From a small northwestern observatory…

Finance and economics generally focused on real estate

Deconstructing house prices

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I stumbled on a very interesting graphic on the inter-web the other day.  I can’t provide the citation just yet — it was posted anonymously on a data visualization web site.  Nonetheless, I’ve done a bit of research to semi-validate these numbers, and even if they’re off a bit, it’s a very useful graphic.

First, it tells us that since 2002, the median price of a new home in America has approximately doubled, from $175,000 to about $350,000 (depending on exactly which metrics you use, this is about right).  That’s an inflation rate of about 100%, more or less, in 15 years (end of 2002 to end of 2017).  In a paper I presented at the American Real Estate Society annual meetings about 10 years ago, I noted that post-WW2 data indicated that house prices/values should be expected to grow annually at a rate of about 2 percent points above the inflation rate.  I checked, and the actual inflation rate over that period measured by the CPI totaled 36%, more or less.  That averages about 2.1% per year, compounded.  The doubling of house prices in 15 years equates to an inflation rate of about 4.7%.  So…. 4.7 minus 2.1 = 2.6.  Thus, by my estimation based on historical averages, house prices have been growing about 0.6% per year faster than they should have since 2002.

You might argue that some of that was the last few years of the housing bubble, but that sponge got squeezed out in the post-bubble collapse.  Nope, folks, what we’re seeing is the echo bubble.  You might also argue that 0.6% doesn’t sound like much, but here’s what it amounts to over time.  If house prices had actually grown at the rate suggested by previous post-WW2 data, then prices would only have gone up by about 170% over that time period.  That means that a $175,000 house from 2002 should today be selling for about $295,000.  The difference (350,000 minus 295,000) of about 17% is the measure of the echo bubble — it’s the degree to which houses are currently overpriced.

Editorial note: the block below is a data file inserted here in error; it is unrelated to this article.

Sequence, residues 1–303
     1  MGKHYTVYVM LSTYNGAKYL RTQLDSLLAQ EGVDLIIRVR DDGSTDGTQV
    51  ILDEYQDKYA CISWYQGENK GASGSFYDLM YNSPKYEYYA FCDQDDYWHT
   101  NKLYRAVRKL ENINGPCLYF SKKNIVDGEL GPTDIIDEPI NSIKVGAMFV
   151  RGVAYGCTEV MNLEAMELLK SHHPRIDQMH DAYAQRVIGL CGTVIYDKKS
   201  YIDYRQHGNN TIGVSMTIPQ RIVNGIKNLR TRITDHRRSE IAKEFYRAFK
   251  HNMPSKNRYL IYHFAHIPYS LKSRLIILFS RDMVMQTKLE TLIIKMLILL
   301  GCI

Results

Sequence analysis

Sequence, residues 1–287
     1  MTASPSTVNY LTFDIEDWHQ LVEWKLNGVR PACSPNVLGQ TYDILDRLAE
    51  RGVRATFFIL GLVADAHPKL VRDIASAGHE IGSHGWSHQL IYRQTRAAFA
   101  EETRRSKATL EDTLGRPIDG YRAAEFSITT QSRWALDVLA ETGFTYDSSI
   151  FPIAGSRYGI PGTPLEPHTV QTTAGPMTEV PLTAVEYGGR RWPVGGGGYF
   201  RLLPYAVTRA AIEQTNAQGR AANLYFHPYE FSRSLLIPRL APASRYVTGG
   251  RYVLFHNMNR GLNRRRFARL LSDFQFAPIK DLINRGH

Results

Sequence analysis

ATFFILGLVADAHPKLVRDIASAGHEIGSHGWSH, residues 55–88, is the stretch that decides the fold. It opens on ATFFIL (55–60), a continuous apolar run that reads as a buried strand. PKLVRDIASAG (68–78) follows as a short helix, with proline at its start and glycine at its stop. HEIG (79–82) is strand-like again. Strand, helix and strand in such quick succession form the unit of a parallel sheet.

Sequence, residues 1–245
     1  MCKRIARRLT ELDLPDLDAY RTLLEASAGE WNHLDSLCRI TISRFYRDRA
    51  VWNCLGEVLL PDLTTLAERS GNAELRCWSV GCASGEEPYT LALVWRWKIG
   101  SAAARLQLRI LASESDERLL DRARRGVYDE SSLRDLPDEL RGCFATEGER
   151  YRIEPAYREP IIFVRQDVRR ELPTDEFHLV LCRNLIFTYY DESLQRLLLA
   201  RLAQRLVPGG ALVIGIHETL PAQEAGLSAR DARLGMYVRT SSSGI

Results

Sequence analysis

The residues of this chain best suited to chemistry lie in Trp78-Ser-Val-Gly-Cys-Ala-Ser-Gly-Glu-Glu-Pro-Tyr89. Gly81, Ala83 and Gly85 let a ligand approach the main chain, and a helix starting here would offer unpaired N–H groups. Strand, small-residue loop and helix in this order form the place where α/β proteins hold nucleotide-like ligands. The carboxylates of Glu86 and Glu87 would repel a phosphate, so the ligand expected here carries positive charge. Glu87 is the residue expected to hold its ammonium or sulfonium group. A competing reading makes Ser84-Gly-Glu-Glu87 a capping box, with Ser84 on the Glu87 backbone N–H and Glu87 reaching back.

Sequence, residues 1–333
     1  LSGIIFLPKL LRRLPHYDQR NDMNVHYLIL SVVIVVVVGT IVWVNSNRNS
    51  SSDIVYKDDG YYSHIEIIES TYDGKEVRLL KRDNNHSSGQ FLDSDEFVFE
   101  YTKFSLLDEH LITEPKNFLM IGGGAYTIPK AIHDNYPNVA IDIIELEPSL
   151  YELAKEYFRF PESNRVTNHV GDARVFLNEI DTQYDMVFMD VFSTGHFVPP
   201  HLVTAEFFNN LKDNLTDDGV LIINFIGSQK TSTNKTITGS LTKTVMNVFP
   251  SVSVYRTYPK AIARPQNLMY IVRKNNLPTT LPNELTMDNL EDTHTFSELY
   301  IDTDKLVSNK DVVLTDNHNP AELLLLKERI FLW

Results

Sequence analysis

Ahem…. that’s NOT the point of this story.  That’s just the introduction.  The more important story comes from deconstructing house prices into various tranches.  This graphic I found does a wonderful job of that:

Housing Starts

Here’s my point in a nutshell. Note that in 2002, the plurality of homes built were in the “less than $200,000” category.  Today, that’s the smallest category (the one in red).  Conversely, we’re building about twice as many homes in the expensive category (the green bar) as we were in 2002. While all housing starts are down from the peak, compared to the earlier years, we’re now building the bulk of the housing in the two most expensive categories, which is a real shift from 2002.

Why?  The market is constantly screaming about the lack of supply for “affordable housing”.  Why aren’t builders building to that tranche of the market?  The answer is cost.  Two very disruptive forces are plaguing the homebuilding industry today.  First, the labor and infrastructure for building died off during the recession.  We have relatively fewer trained and skilled tradespeople, fewer developed lots (and a shrunken pipeline for development) and more expensive construction lending.  Second, the building materials themselves — lumber and steel — are in short supply, have been affected by price increases, and are now faced with tariffs.  Builders have no choice but to build more expensive homes to be able to cover the cost of construction.

Are we headed for a new bubble?  Back in the dark ages, when I was in graduate school, we were taught that inflation could be caused by either demand-pull (too much money chasing too few goods) or cost-push (increases in commodity costs).  Either way you look at it, the cost of owner-occupied housing is going thru the roof (pun intended).

Written by johnkilpatrick

June 26, 2018 at 8:14 am

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